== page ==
The Midlist Bombers

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T minus 19 days 8:23 a.m.

For Nigel Frogland, the apocalypse started with a letter.

He stumbled downstairs towards kitchen and coffee percolator, pausing by the door to yawn widely and grab the daily influx of bills and overdrawn bank statements from the letter box. This was an autonomic reflex, as vital to the author as flapping its wings was to a headless chicken; he blinked sleepily at the three envelopes in his hand before staggering into the kitchen to wait for the kettle. Two bills, he thought, but what's this? Looks like it's from Victoria ... he reached for the bread -knife. Letters from Victoria Bergdorf, his editor, were always worth reading no matter which side they were buttered on.

But he was in for a surprise.

Dear Nigel,

As you are aware, we at Schnickel and Bergdorf have prided ourselves for fifty years on our commitment to fundamental literary values, providing the best service possible to the public and our authors. This is a tradition which we are -- we think justifiably -- proud of, and intend to continue for the forseeable future.

However, given the recent changes that have taken place in the genre market, specifically the contraction of the midlist under the financial pressure of competing in a modern, thrusting business environment, we have found it necessary to enter a temporary phase of retrenchment. Specifically, the directors have approved the sale of a controlling shareholding in this company to the multinational holding corporation Spart-Dibbler PLC. Pending the resolution of this takeover, we will be unable to commission an y more projects from you. This transition period should last for approximately six months; thereafter we will resume buying as usual.

Yours sincerely ...

Oh shit! pondered Dave, his stomach churning unpleasantly as he pondered the likely consequences. What if I have to ask for my old job back ...?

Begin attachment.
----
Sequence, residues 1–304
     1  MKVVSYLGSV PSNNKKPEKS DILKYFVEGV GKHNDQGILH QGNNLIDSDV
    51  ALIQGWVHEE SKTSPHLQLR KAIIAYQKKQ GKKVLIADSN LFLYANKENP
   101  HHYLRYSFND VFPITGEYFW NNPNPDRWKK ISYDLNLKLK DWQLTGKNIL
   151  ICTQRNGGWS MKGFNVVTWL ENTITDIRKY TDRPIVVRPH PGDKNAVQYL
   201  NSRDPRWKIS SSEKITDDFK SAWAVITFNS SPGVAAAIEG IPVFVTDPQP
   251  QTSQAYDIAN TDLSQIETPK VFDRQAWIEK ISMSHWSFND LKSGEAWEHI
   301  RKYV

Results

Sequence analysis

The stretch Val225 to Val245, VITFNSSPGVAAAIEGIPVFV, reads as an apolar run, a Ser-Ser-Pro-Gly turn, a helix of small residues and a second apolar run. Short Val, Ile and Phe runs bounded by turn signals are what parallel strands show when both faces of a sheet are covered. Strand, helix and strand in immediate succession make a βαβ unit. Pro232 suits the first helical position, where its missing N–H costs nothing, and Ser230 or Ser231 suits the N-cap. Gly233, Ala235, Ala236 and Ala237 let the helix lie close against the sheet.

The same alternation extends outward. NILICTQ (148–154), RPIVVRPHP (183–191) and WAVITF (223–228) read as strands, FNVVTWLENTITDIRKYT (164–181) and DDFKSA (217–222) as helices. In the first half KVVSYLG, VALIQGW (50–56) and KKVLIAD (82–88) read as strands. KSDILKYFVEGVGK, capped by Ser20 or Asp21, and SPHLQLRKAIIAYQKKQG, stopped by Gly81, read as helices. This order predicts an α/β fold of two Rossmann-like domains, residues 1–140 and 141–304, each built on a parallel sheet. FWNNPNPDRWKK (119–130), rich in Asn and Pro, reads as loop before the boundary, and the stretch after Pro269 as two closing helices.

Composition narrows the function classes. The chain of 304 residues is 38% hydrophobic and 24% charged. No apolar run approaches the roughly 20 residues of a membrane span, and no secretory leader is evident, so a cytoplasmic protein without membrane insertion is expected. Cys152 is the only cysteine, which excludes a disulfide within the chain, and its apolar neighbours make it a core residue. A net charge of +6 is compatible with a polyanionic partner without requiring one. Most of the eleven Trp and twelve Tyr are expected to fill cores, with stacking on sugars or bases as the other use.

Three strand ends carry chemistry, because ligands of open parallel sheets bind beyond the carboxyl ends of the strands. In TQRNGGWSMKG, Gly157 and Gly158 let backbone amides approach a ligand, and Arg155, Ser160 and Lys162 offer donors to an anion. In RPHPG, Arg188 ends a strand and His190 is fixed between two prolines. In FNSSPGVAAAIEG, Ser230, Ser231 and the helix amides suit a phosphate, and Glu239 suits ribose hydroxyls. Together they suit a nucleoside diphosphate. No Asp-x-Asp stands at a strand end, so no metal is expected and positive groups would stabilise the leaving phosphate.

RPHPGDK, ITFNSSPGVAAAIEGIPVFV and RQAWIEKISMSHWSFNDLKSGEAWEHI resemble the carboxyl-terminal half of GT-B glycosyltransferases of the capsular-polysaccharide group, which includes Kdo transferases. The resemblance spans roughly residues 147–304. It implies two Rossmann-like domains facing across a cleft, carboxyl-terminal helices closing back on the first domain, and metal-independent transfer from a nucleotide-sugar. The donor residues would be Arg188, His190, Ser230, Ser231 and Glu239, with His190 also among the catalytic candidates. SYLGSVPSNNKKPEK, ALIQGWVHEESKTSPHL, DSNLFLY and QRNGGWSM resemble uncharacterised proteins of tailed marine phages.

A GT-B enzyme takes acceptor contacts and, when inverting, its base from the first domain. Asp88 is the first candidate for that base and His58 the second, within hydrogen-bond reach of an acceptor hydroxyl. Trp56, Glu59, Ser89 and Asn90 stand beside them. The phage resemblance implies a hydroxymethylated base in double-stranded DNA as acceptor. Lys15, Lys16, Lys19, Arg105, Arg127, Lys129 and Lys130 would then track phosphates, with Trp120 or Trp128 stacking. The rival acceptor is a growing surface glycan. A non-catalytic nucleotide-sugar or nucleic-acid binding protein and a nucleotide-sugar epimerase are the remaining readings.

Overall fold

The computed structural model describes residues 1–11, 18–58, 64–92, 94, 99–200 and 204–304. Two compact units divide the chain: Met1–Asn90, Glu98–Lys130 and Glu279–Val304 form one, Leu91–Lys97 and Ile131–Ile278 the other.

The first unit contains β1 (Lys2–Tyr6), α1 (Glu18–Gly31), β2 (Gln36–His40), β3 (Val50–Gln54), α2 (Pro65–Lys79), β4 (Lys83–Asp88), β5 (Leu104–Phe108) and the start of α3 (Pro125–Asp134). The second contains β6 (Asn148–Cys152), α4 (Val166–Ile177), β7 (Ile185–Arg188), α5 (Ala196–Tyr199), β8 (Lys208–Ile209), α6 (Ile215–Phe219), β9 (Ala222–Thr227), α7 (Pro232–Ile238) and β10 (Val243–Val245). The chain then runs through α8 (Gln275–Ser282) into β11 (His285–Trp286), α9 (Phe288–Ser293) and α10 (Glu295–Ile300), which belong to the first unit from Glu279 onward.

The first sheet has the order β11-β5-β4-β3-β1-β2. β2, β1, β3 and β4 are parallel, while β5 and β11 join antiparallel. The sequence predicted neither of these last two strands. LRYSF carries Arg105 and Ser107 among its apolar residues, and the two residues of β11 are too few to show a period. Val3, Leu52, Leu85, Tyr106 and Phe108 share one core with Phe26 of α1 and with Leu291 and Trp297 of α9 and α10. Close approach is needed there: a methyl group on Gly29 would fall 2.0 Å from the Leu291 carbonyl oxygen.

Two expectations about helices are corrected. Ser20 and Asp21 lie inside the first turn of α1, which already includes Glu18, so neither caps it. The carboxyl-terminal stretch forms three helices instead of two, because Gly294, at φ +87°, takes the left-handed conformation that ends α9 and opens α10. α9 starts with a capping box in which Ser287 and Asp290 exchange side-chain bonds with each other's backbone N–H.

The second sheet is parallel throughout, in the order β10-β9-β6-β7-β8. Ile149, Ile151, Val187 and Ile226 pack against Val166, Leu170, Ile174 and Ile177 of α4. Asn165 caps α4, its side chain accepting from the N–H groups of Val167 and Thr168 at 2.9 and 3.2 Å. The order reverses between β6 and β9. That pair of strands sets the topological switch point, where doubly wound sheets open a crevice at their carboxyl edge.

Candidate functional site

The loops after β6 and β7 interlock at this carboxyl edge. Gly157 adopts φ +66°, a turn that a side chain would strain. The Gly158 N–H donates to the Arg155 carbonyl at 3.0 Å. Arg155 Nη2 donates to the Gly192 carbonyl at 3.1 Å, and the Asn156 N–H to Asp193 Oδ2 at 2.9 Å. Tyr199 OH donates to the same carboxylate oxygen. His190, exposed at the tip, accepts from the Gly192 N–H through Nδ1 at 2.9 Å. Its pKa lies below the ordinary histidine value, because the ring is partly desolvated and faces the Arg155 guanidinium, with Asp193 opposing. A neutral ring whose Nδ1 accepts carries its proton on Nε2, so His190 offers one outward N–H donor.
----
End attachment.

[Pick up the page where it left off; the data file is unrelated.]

T minus 19 days 10:14 a.m.

"They're going to what?" demanded Victoria Bergdorf.

Jonathan Smiddler yawned widely, displaying a coffee-stained tongue. "They're going to drop half the list," he repeated tiredly. "They figure if they can put the money together and get one best--seller, it pays better than the whole lot of them. I mean, why not?" He yawned again, looking decidedly hollow-eyed; a common feature to all the survivors of the take-over.

Victoria leaned forward across her desk. "I never thought the bastards had the guts," she hissed. "Jesus Christ on a crutch -- they're going to put all our writers on the street! They can't be serious!"

Jonathan leaned back and stared at the ceiling. "But they are. Blame the accounts department -- there's more profit in one best-seller than in a dozen small titles. People don't read any more, or they read what they see advertised on television, right? Jeffrey Archer, Isaac Asimov. We're competing with other media, Victoria, that's what Spart-Dibbler's accountants are on about. And if we can't make as much profit as satellite television, we're gonna get it in the neck."

Victoria shook her head. "I've been in this trade for twenty years," she said; "and my father before me for thirty more ..." Jonathan leaned back tiredly. "So have I," he reminded her. "That's why you put me in charge of the horror list, isn't it? Look, if the cash-flow had been any better ... "